Balsa is becoming a critical resource for the renewable energy transition. Yet, it's production is having facing issues as it's affecting indigenous people of the Amazon. As such, can plantations come into mind to solve this issue, but face their own problems. So how can Ecuador, the world's largest producer of Balsa play a role in it's sustainable production.

Around the world, particularly in Latin America, governments often confiscate nonhuman primates, such as capuchin monkeys, that are being kept illegally as pets, in entertainment, or that have been orphaned due to poaching. The rehabilitation and reintroduction process offers a second chance at life for captive individuals and can be a valuable tool to maintain or restore genetic, species, ecosystem and functional diversity.  In 2023, MG spent five months studying the rehabilitation and reintroduction of bearded capuchin monkeys (Sapajus libidinosus) in the Brazilian Caatinga forest biome, focusing on animal personality and stereotypic behaviour in correlation with release success. The process from rehabilitation to reintroduction is a complicated task involving countless stakeholders, last minute changes and uncertainty. Here, we present a case example of the rehabilitation and reintroduction process, beginning at a government-run rescue centre in a major city, conducting behavioural focal samples and rehabilitation training with ten monkeys. We review the steps involved, and discuss some challenges associated with finding an appropriate release site, negotiating with stakeholders, building a soft-release enclosure, navigating community engagement, transporting and releasing monkeys, and conducting post-release monitoring. Finally, we will make comparisons with other published release cases from the literature and provide suggestions for future releases. This research will advance knowledge in the fields of animal behaviour, animal personality, and rehabilitation and release of captive primates, and will have direct applied conservation benefits for the capuchins in the Caatinga region of Brazil.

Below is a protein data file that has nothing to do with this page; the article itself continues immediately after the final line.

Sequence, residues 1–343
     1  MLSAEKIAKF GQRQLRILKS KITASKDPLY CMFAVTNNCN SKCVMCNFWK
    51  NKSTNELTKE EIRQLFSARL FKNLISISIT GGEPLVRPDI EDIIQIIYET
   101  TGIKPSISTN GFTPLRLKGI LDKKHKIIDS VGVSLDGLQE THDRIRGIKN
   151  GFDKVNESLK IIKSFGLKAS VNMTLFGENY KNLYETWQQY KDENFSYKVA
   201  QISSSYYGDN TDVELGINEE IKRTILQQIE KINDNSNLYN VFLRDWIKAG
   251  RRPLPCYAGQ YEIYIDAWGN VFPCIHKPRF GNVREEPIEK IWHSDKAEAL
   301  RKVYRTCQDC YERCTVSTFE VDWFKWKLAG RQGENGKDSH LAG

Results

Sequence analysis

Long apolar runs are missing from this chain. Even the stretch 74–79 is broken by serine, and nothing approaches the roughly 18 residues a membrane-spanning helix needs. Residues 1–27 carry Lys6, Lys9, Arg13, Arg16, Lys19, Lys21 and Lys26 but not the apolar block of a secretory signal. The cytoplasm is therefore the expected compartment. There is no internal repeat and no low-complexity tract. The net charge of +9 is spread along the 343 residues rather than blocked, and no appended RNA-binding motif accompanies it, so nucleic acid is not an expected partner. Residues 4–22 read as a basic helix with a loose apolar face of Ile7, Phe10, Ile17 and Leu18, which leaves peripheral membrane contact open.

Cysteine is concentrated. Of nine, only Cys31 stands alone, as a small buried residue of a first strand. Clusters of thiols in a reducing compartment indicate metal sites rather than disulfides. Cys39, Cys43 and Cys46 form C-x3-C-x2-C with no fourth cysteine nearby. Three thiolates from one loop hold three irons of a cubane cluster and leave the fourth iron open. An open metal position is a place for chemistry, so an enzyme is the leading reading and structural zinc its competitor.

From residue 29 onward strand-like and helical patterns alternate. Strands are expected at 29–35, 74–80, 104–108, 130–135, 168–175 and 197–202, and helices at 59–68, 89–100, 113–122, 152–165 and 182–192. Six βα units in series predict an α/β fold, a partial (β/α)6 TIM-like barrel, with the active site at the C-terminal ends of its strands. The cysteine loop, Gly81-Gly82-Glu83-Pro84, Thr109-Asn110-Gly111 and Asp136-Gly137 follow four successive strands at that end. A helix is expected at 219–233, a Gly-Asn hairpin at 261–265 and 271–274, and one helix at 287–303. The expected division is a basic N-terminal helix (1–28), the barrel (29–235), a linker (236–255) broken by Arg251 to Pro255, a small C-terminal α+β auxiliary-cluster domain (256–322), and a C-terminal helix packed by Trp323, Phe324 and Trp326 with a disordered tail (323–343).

As digital technology continues to impact everyday life, it is important to build awareness of the opportunities and risks that the digital age poses to social and environmental systems.  Sustainability in the Digital Age is a Concordia think tank that works to build awareness on digital sustainability and the LEADS program is a graduate training experience about science leadership in a digitally enabled global context. This panel will invite speakers to explore how digital transformations are impacting everyday human interactions and what that means for environmental sustainability. From music to social media, researchers on campus are asking questions like;, How can the arts influence the sustainability of a community and how does digital innovation mediate that interaction? How can we deal with bias in AI and detect sentiment, emotion and offense in social media?  Come and learn about these initiatives and join the in-person Q&A. 

In this session, Elizabeth Miller engages researchers, community groups, and members of the audience in a conversation about how to support and participate in local conservation. Carly Ziter will introduce a trans-disciplinary research project with community partners on biodiversity, climate resilience, and social inclusion in Montreal: the Falaise St-Jacques, the Technoparc wetlands, the Champ des Possibles, and the Parc-Nature MHM. Other members of the research team include Amy Poteete; Emma Despland, Rebecca Tittler, Karen Fisher Favret, and a range of community partners and residents. This introduction will be followed by a conversation with representatives of community partners involved in the project: Kiho Hazelton-Cook of Les Amis du Champ des Possibles, Roger Jochym of Sauvons la Falaise, Anaïs Houde of Mobilisation 6600, Katherine Collin of TechnoparcOiseaux, and David Gamper of UrbaNature Éducation.  

Elizabeth Miller engagera des, des groupes communautaires, et des membres du public dans une conversation sur les manières de soutenir et s’impliquer dans la conservation locale. Carly Ziter introduira un projet de recherche interdisciplinaire avec des partenaires communautaires sur la biodiversité, la résilience climatique, et l’inclusion sociale dans quatre espaces verts à Montréal : la Falaise St-Jacques, les milieux humides du Technoparc, le Champ des Possibles, et le Parc-Nature MHM. L’équipe de recherche comprend aussi Amy Poteete, Emma Despland, Rebecca Tittler, Karen Fisher Favret, et un éventail de groupes communautaires et de résidents impliqués. Une conversation s’ensuivera, entre des repré des partenaires communautaires du projet : Kiho Hazelton-Cook des Amis du Champ des Possibles, Roger Jochym de Sauvons la Falaise, Anaïs Houde de Mobilisation 6600, Katherine Collin du TechnoparcOiseaux, and David Gamper d’UrbaNature Éducation.